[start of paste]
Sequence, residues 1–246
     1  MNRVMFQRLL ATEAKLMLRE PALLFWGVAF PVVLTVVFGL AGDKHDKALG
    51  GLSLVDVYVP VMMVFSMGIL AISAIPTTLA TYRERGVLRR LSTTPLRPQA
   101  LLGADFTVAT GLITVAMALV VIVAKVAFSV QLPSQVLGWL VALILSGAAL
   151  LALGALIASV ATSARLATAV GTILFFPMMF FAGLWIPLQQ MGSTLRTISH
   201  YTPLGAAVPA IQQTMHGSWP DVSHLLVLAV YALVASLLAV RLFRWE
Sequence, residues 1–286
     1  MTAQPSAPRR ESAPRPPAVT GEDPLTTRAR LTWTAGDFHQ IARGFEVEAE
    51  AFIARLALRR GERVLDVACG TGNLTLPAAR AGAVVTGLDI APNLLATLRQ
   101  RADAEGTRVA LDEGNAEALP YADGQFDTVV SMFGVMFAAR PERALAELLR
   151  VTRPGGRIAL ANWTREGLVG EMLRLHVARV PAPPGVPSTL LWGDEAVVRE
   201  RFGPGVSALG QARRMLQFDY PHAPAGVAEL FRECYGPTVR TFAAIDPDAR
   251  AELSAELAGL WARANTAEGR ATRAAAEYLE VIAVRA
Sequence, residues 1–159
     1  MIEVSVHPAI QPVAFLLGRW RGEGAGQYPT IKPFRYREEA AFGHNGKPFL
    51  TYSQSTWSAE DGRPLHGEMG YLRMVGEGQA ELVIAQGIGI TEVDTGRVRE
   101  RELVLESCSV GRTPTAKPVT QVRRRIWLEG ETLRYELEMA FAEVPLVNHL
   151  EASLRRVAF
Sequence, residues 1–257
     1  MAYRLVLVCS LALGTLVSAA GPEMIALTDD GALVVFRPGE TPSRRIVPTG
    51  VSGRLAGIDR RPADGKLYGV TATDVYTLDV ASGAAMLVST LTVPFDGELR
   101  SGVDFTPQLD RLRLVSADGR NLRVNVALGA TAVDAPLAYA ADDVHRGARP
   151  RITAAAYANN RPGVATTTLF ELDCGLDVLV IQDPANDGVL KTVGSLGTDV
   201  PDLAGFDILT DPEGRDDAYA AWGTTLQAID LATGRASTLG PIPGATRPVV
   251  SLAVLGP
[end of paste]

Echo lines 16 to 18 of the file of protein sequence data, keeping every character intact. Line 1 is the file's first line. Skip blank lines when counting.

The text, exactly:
    51  TYSQSTWSAE DGRPLHGEMG YLRMVGEGQA ELVIAQGIGI TEVDTGRVRE
   101  RELVLESCSV GRTPTAKPVT QVRRRIWLEG ETLRYELEMA FAEVPLVNHL
   151  EASLRRVAF